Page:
The US FDA expanded approval of remdesivir this week to include pediatric patients aged 28 days and older, the first COVID-19 treatment indicated for this population.
The US Food and Drug Administration (FDA) this week expanded approval of the COVID-19 treatment remdesivir (Veklury, Gilead) to include pediatric patients aged 28 days and older, according to an administration statement.
Eligible patients must weigh at least 7 lbs with confirmed positive results of direct SARS-CoV-2 viral testing and be hospitalized or if not hospitalized, have mild-to-moderate COVID-19 symptoms and be at elevated risk for progression to severe COVID-19, including hospitalization or death.
The approval, which makes remdesivir the first COVID-19 treatment to be approved for children aged younger than 12 years, led the FDA also to revoke the emergency use authorization under which remdesivir has been available for this pediatric population since May 2020.
Under the expanded indication, according to a statement from Gilead, a 3-day course of remdesivir is recommended to help avert hospitalization in pediatric patients who are at high risk for COVID-19 diseae progression. For those patients who are hospitalized and do not require invasive mechanical ventilation and/or ECMO, the manufacturer recommends a 5-day treatment course.
"As COVID-19 can cause severe illness in children, some of whom do not currently have a vaccination option, there continues to be a need for safe and effective COVID-19 treatment options for this population," said Patrizia Cavazzoni, MD, director of the FDA's Center for Drug Evaluation and Research, in the release. The action today, she added, confirms the agency’s commitment to that need.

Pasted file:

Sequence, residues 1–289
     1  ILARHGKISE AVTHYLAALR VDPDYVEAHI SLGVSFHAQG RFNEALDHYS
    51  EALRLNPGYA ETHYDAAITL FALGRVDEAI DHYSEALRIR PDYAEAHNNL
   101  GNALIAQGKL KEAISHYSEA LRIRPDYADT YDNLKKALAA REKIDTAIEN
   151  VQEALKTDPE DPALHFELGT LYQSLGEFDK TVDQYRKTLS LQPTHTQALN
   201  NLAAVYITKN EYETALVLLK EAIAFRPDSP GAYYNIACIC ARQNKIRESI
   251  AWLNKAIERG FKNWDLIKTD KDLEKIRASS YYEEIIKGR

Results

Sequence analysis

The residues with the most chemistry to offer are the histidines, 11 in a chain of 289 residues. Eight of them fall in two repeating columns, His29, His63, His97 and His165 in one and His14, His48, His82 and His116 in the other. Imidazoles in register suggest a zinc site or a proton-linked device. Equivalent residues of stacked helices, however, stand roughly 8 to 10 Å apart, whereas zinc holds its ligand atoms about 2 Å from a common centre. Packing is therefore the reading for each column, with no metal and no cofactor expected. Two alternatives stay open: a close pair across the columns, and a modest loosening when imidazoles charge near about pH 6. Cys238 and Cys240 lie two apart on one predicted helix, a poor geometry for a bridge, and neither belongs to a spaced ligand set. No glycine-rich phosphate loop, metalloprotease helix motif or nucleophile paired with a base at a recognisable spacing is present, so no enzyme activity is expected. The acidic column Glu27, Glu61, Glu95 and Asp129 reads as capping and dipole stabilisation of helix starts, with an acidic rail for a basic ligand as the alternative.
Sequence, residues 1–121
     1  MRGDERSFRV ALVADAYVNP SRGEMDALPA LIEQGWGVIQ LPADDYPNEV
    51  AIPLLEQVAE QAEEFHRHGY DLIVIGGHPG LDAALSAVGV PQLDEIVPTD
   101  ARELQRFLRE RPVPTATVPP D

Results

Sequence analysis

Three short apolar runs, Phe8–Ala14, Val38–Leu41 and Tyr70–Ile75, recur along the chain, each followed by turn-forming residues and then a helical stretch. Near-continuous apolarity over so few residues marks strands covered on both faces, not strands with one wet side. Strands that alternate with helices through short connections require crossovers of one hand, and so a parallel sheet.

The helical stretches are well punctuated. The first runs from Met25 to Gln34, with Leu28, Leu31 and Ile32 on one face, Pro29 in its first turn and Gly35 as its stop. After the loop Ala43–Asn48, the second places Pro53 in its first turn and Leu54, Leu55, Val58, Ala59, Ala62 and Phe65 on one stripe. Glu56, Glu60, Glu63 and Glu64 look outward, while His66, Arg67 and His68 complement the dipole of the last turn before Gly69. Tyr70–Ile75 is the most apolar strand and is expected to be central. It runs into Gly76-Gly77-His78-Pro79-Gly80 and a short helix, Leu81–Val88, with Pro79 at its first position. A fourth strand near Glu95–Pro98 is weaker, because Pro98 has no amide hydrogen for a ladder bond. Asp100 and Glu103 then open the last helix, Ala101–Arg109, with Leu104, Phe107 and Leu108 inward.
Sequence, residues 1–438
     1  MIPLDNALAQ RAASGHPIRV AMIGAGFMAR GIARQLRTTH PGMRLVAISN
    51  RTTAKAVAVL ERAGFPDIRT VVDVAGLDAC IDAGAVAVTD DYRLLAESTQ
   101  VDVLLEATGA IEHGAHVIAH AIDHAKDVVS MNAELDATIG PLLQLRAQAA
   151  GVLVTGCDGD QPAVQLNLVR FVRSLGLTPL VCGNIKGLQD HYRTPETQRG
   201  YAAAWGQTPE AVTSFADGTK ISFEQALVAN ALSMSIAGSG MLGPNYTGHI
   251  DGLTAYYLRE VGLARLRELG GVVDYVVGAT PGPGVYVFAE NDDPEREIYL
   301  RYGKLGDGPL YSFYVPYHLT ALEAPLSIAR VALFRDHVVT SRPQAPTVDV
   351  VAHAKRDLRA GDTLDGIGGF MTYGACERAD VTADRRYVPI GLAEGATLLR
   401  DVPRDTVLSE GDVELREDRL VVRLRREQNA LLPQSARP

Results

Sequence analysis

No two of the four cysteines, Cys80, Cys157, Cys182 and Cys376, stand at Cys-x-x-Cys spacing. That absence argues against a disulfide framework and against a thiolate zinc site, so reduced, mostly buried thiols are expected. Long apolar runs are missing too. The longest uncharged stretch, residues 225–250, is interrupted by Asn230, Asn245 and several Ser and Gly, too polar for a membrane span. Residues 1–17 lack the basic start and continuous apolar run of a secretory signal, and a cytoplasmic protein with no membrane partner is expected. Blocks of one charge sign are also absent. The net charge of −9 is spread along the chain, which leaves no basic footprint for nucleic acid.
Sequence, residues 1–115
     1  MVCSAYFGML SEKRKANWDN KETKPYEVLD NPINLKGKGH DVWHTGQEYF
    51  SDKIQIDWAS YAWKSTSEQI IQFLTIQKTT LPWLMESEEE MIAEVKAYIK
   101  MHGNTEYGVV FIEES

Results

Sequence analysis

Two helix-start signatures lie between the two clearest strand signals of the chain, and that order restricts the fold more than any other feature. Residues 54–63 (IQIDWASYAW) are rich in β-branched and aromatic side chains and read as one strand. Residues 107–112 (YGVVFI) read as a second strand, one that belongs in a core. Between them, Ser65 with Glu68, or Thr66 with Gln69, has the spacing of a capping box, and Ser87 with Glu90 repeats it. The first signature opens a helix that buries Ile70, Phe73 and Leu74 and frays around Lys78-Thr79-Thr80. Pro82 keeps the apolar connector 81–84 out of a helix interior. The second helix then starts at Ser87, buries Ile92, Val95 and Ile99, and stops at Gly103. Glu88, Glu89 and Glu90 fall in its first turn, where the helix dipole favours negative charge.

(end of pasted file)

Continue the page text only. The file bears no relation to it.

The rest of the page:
Original approval of remdesivir in October 2020 was to treat adults and pediatric patients (12 years of age and older weighing at least 40 kilograms) with COVID-19 requiring hospitalization, according to the FDA. (see sidebar)
The FDA emphasizes that remdesivir cannot replace vaccination in populations for whom COVID-19 vaccination and booster doses are recommended.
The course of COVID-19 infection in pediatric and adult patients is similar, the statement says, and so the current approval is supported, in part, by efficacy results from phase 3 clinical trials in adults (see FDA-approved product labeling for trial details).
Additional support for the pediatric indication was furnished by findings from the CARAVAN phase 2/3, single-arm, open-label clinical study of 53 pediatric patients at least 28 days of age and weighing at least 3 kg with confirmed SARS-CoV-2 infection and mild, moderate, or severe COVID-19. Patients received remdesivir for up to 10 days. Similar to findings for the agent’s efficacy, safety and pharmacokinetic results from the pediatric study were similar to those in adults, the release said.
The only approved dosage form of remdesivir is for injection.
Documented potential side effects of remdesivir include increased liver enzyme levels, and allergic reactions that may include changes in blood pressure and heart rate; low blood oxygen level, fever, shortness of breath, wheezing, swelling rash, nausea, sweating or shivering.
“The expanded indication for Veklury for the treatment of children is a testament to the safety, tolerability, and efficacy profile of this therapy, which has remained the foundational antiviral for COVID-19 treatment,” said Merdad Parsey, MD, PhD, chief medical officer at Gilead Sciences, in the company statement.